While starting my private practice, friends often asked me what I am going to specialize in. My idea was putting special focus on treating trauma victims, depressed and anxious clients. The next question surprised and also confused me alike. Many asked: “What do you mean by trauma? What is that?” Turns out, most of them had no idea what falls under the category of psychological trauma.
So here we go. What is trauma? And have I been traumatized?
The Google online dictionary describes a psychological trauma as a deeply distressing or disturbing event.
How we know if we have been traumatized is by our emotional and physical reactions to the specific event. When I was 16 years old my father and I had been in a head collision car accident with another driver. Thankfully none of us had severe physical injuries, however, something changed that day. Lets say, for a couple years I became a terrible passenger. I was the person who would tell you to keep the distance, push my imaginary breaks, and hold on to the side handle whenever I thought there was danger ahead, which was pretty much always.
So what happened here? How did I become this annoying passenger who appeared to be very critical of everyone’s driving. The truth is, I did get hurt in that car accident, maybe not physically but mentally.
Years after I was still fearful driving in a car. Having gone through training in psychotherapy I know now what happened. I experienced a traumatic event, which is something that had me fear for my life, my father’s life, and fear of severe physical injury. Whenever I was exposed to triggers that reminded me consciously or unconsciously of this event, I was right back in the moment of that accident. Triggers can be stimuli like certain sounds, smells, feelings, tastes, pictures, etc. that are reminiscent of the experience.
I have worked on my traumatic event by using EMDR (a trauma treatment), gradual exposure therapy and practicing relaxation skills, which at least allows me now to drive my own car without fear and have almost no emotional outbursts as a co-pilot. Therapy has helped me to process some of the distorted thoughts and feelings that I overgeneralized to situations while driving in a car.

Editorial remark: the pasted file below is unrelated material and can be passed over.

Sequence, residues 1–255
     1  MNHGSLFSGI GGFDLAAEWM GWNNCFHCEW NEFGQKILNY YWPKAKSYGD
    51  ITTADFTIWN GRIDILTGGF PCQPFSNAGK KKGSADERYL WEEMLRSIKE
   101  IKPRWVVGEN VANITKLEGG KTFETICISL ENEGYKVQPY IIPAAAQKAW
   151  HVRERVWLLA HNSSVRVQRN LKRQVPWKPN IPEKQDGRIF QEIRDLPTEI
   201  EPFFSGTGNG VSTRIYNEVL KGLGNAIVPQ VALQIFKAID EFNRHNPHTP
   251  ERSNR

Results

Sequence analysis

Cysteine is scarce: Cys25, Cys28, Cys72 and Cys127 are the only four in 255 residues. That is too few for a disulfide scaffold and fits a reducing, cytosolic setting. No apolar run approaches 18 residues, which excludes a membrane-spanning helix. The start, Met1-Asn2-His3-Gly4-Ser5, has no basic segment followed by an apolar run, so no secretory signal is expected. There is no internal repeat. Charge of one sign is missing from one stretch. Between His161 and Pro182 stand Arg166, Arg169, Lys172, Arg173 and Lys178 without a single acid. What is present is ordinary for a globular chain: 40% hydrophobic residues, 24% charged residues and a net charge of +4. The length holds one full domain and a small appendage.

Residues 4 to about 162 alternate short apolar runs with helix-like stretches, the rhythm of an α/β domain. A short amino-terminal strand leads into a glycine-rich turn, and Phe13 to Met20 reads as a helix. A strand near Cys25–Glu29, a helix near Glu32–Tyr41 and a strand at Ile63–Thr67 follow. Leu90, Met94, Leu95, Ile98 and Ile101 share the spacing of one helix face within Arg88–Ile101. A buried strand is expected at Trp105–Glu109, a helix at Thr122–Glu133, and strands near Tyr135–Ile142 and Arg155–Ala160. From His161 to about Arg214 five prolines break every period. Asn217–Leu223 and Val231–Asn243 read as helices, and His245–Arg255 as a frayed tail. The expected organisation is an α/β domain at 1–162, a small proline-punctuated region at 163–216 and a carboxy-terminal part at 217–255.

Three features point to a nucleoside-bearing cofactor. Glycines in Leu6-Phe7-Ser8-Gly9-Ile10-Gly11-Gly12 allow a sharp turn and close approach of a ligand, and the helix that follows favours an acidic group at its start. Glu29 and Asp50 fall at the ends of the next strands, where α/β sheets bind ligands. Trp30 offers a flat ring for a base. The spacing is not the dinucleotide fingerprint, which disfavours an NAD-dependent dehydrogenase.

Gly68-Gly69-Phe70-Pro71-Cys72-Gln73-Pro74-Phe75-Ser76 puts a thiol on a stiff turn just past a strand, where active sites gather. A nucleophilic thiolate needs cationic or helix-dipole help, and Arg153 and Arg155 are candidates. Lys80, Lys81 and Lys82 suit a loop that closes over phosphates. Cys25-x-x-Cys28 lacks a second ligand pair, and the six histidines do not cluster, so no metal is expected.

Traumatic events can be anything, starting with an accident, a fight, abuse, loss of someone or just observing something very scary. The severity of the trauma response reaction will depend on our personal genetics, environmental factors and psychological resources. An event that has a lasting effect on one may not have the same on another person.
Typical symptoms of having been traumatized can look different in children and adults. Here is a sample list of possible reactions to traumatic events: sleep difficulties, headaches and other physical pain, feeling isolated from others, flashbacks, changes in sex drive, nightmares, anxiety attacks, “spacing out” (going away in your mind), sadness, dizziness, angry outbursts, uncontrollable crying, memory problems, feeling guilt, having trouble breathing, thoughts of self-harm and more.
Will you need to see a therapist whenever you have experienced a traumatic event? The answer is no. Some reactions are very normal, especially immediately after exposure, and will disappear over time. I would recommend seeing a mental health professional who specializes in this area, like me, when the symptoms interfere with the quality of your daily life.